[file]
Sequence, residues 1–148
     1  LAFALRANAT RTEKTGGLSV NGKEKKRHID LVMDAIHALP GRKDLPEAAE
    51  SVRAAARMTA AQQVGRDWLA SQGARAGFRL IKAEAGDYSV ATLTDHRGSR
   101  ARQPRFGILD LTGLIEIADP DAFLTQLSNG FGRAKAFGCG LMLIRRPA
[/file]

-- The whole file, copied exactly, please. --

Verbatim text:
Sequence, residues 1–148
     1  LAFALRANAT RTEKTGGLSV NGKEKKRHID LVMDAIHALP GRKDLPEAAE
    51  SVRAAARMTA AQQVGRDWLA SQGARAGFRL IKAEAGDYSV ATLTDHRGSR
   101  ARQPRFGILD LTGLIEIADP DAFLTQLSNG FGRAKAFGCG LMLIRRPA